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Services cost much more to provide in rural areas - a point acknowledged by the government. So why, ask Steve Pugsl...
Services cost much more to provide in rural areas - a point acknowledged by the government. So why, ask Steve Pugsley, chairman of the Rural Services Parntership, is it so reluctant to address the inequalities inherent in the grant distribution system.

It should have come as no surprise that an urban dominated Commons committee baulked at the idea of putting more resources into rural communities. Stoke-on-Trent South, Leeds Central, Billericay, Liverpool Riverside, Crewe & Nantwich, Reigate, Nuneaton.

Places that conjure up vision of rural Britain? Probably not. But these are some of the constituencies of the members of the environment select committee.

Its recent report on the government's forthcoming rural white paper was a wide-ranging affair, but it revealed one of the fundamental weaknesses in the present debate on the crisis in the countryside.

How can the urban-dominated political elite be persuaded to face up to the extra costs involved in providing services to rural communities?

The committee acknowledges: 'Many of the memoranda of written evidence reiterated the arguments . . . that the standard spending assessment discriminated unfairly against rural areas in failing to take account of the higher costs of service provision which they encounter.'

It goes on: 'However, we do not consider it is realistic to aim to provide the same density of services in urban and rural areas. One consequence is that the funding of rural areas should be needs-related, rather than linked to crude measures of sparsity.'

And here's the rub: 'Most importantly, given the severe problems faced by inner city areas, we could not, in general, support a switch in resources from urban local authorities to rural ones.' Of course not.

Two points. First, it is clear there will never be the same frequency of buses running down our country lanes as there are down Oxford Street. That is not what is being sought by the rural communities.

Second, there is nothing crude about sparsity. It is a fact that sparsely populated areas face higher costs providing services.

Our case to government in this area was accepted in the 1999-2000 settlement, albeit only for the domiciliary care element of the personal social services spending block. But it was an important point of principle won.

Rural needs are all about sparsity. If remoteness deprives you of a service, because you cannot reach it or it cannot reach you, you are suffering a form of deprivation, a real need hitherto unacknowledged.

Some thinking for the white paper appeared earlier in the month from Labour's rural group of MPs, which produced its Manifesto for rural Britain. It was surprisingly candid about the situation in the countryside.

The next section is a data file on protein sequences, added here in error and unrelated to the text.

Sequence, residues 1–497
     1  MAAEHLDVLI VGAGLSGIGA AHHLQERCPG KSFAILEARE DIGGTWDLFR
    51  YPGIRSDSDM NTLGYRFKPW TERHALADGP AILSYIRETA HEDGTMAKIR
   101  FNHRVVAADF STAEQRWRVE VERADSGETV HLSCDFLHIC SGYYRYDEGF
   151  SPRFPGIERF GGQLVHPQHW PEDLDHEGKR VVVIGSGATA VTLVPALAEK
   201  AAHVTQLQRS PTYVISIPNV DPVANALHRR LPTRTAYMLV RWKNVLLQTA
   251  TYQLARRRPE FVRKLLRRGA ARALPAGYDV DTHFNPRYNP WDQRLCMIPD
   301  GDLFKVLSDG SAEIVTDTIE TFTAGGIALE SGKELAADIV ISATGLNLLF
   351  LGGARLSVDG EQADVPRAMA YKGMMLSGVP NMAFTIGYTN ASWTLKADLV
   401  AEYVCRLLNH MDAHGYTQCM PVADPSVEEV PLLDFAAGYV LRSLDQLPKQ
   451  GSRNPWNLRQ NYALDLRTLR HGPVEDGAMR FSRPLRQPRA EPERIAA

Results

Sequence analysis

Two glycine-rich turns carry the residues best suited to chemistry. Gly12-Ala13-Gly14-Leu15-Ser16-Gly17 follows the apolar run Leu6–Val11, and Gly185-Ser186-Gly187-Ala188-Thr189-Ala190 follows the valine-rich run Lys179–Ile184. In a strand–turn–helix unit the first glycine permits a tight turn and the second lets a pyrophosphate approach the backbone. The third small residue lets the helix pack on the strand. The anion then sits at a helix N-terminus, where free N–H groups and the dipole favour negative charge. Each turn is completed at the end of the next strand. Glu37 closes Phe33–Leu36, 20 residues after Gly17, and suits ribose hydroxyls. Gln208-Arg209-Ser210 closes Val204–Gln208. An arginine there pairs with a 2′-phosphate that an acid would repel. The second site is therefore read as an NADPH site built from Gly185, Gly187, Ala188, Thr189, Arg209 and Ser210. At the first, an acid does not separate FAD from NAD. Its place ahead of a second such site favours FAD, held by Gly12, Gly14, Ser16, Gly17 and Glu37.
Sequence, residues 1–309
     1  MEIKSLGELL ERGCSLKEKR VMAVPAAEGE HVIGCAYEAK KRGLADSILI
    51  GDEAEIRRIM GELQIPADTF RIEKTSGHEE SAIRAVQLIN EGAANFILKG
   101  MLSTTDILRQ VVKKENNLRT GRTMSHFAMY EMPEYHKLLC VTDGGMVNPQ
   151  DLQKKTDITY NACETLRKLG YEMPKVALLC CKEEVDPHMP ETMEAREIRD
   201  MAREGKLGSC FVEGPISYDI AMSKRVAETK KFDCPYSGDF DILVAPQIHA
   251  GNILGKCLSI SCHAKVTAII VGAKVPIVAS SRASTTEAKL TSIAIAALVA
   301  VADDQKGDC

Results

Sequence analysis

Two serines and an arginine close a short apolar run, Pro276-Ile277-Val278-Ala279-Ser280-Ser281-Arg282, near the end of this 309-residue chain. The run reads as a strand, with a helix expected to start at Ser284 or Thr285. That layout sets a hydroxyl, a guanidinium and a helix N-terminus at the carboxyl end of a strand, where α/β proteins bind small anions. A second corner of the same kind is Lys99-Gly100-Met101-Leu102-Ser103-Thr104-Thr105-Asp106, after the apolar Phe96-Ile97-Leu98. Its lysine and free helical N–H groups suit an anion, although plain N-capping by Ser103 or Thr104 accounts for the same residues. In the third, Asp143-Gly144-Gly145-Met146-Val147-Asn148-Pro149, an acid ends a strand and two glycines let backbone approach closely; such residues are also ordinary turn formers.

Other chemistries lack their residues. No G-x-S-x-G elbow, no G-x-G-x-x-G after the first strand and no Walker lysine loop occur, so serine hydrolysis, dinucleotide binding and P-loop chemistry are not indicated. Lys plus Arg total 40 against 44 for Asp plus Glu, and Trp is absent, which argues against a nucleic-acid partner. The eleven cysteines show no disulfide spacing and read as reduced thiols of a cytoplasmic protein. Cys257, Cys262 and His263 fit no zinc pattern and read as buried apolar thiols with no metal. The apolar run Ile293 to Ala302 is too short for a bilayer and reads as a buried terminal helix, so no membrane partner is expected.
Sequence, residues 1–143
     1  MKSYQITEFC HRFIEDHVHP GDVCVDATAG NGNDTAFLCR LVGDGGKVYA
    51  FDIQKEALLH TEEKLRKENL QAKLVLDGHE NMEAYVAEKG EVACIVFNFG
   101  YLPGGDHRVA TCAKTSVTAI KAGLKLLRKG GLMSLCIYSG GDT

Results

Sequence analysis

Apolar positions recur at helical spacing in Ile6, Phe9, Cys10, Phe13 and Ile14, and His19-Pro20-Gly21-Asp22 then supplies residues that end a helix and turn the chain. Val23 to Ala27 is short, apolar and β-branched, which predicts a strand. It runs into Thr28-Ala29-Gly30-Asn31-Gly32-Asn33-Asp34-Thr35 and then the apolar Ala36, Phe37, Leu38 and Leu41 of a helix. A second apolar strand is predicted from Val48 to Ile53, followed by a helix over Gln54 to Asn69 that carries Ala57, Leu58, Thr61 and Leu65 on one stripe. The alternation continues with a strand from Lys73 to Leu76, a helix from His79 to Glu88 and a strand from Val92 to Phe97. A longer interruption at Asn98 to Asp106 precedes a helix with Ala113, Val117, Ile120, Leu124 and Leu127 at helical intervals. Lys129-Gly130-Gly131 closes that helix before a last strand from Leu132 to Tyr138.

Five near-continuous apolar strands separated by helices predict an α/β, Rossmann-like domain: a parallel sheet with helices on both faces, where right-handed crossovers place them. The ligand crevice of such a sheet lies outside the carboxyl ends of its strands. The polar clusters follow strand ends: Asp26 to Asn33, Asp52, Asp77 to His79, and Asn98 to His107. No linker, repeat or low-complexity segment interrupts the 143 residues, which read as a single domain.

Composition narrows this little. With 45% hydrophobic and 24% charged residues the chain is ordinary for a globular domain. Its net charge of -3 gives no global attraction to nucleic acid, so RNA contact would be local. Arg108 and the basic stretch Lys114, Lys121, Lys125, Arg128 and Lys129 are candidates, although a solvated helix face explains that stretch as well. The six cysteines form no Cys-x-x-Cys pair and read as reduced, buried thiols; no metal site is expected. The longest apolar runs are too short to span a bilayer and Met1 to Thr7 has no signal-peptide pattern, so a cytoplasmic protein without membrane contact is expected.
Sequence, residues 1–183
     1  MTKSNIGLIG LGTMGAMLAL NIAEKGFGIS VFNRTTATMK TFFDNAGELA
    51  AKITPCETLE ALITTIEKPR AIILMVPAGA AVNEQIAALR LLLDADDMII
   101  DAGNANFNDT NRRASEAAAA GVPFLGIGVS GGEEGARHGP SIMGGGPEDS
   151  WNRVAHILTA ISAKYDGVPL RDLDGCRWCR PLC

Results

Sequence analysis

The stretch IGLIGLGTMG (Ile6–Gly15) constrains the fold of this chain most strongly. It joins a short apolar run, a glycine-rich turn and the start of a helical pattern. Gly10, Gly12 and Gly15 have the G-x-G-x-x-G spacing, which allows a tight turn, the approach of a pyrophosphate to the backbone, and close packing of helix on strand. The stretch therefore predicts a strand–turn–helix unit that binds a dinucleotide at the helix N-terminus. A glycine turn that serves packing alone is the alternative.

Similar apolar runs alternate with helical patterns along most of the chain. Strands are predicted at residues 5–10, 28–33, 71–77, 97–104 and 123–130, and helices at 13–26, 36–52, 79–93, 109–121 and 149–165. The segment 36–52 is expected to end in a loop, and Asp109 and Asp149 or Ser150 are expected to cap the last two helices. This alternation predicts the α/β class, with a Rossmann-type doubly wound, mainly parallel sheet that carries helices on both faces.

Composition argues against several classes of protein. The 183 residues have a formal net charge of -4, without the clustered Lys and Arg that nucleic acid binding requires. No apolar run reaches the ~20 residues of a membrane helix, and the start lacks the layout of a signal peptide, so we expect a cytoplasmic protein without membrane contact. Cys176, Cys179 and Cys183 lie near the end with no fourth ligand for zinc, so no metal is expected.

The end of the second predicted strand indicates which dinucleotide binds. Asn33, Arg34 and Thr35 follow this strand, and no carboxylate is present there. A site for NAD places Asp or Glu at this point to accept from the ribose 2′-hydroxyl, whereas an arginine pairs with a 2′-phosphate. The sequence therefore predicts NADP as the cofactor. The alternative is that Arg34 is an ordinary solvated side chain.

'Remoteness conceals needs, hampers solutions and too often leads to debilitating isolation,' group chairman Peter Bradley says in the foreword. And he gives a ringing endorsement of our case on sparsity. 'Sparsity of population makes it more expensive - sometimes prohibitively - to deliver public services. Lack of public transport denies access to the opportunities, goods and services many in the towns take for granted.'

Hearteningly, the group's manifesto goes on to call for greater recognition of the importance of sparsity as a factor in calculating standard spending assessments, welcome support for the Rural Service Partnership's long-standing case in this vital area. The partnership is the cross-party coalition of the most sparsely populated councils - a mix of districts, counties and unitaries.

We have always pressed the case for the grant system to recognise the extra cost burdens rural councils face in providing services vital to maintaining the fabric of rural community life. We have just published our own report, Fair finance for country communities.

Produced for us by leading local government finance consultant Rita Hale, it argues grants paid by the government to support local services in rural areas should reflect the fact that it costs far more to provide schools, social care, leisure and other local amenities to country communities.

Bid-based funding is contrary to the principles of local democracy and is a charter for croneyism. It will favour big urban authorities with time and money to expend on glossy campaigns, and will bog down ministers in endless meetings with local representatives wishing to make their case.

It will encourage councils to stack up their budgets as a safeguard against their bids being knocked back.

It will embroil ministers in a multitude of politically sensitive decisions about the fate of individual services in individual councils, and will expose them to legal challenge over the basis upon which their decisions have been made in each circumstance.

In other words it is anti-democratic, unfair, politically ill-judged, inflationary, and a legal minefield.

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